Finally, because we find the agency's evaluation of the protester's proposal reasonable, and because none of the other proposals was found technically acceptable, we find nothing improper in the cancellation of the RFP and subsequent resolicitation. As we pointed out in our decision in Mnemonics, Inc., B-226309.2, May 1, 1987, 87-1 CPD. Para. 462, Federal Acquisition Regulation Sec. 19-502.2 (FAC 84-40) directs the setting aside of procurements if the contracting officer determines that there is a reasonable expectation that offers will be obtained from at least two responsible small business concerns. Here, the contracting officer determined that there was no such reasonable expectation because no other acceptable small business proposals were received under the original solicitation. /1/ Consequently, we find nothing improper in the resolicitation on an unrestricted basis.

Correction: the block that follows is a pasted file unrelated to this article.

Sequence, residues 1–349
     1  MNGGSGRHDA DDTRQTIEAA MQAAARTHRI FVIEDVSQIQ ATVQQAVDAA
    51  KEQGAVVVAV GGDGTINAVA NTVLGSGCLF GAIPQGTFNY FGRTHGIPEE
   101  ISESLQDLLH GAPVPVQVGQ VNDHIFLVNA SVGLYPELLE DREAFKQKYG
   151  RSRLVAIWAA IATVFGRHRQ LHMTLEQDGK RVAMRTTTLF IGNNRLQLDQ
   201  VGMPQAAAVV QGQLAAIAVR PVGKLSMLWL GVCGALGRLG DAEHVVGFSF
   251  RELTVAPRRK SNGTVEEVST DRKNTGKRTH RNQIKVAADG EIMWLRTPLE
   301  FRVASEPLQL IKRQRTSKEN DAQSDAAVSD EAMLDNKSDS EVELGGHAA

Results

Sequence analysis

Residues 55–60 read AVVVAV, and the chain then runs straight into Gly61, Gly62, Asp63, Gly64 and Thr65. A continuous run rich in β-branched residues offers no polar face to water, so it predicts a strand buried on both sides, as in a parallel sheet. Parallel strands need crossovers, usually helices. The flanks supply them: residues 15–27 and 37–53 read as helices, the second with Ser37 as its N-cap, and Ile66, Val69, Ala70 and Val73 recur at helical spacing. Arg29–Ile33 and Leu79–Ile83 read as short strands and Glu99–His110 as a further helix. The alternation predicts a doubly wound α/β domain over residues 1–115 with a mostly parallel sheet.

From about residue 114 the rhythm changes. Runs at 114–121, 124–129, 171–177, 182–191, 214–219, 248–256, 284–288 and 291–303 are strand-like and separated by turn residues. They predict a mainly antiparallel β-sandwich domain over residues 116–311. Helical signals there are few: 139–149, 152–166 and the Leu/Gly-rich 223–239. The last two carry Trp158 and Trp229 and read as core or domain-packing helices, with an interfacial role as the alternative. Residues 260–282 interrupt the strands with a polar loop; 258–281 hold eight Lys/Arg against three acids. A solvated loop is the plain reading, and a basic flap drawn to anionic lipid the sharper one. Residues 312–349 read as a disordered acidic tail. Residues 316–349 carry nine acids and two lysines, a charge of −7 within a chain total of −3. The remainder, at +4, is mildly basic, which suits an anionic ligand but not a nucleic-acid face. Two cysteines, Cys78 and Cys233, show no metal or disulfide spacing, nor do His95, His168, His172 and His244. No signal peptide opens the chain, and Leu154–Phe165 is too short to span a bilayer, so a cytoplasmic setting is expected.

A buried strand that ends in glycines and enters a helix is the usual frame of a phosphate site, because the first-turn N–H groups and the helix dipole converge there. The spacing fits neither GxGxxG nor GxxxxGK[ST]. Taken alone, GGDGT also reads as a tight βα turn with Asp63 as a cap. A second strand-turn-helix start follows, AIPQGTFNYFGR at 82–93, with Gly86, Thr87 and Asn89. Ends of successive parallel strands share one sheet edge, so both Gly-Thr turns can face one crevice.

The protest is denied. In view of our resolution of the protest, EAP Consultants' claim for costs is also denied. See Hydroscience, Inc., B-227989 et al., Nov. 23, 1987, 87-2 CPD Para. 501.

/1/ EAP Consultants also states for the first time in its February 8, 1990, comments in response to the agency's report, that the agency's initial synopsis of the procurement in the Commerce Business Daily on October 5, 1989, was defective because it did not state that the procurement was set aside for small business concerns. Despite the defect in the synopsis, we find, based on this record, that the agency solicited proposals from at least 27 small business firms and still failed to get even one acceptable proposal. Under the circumstances, the agency's determination that it had no reasonable expectation of receiving two acceptable proposals from small business firms for the resolicitation has not been shown to be unreasonable.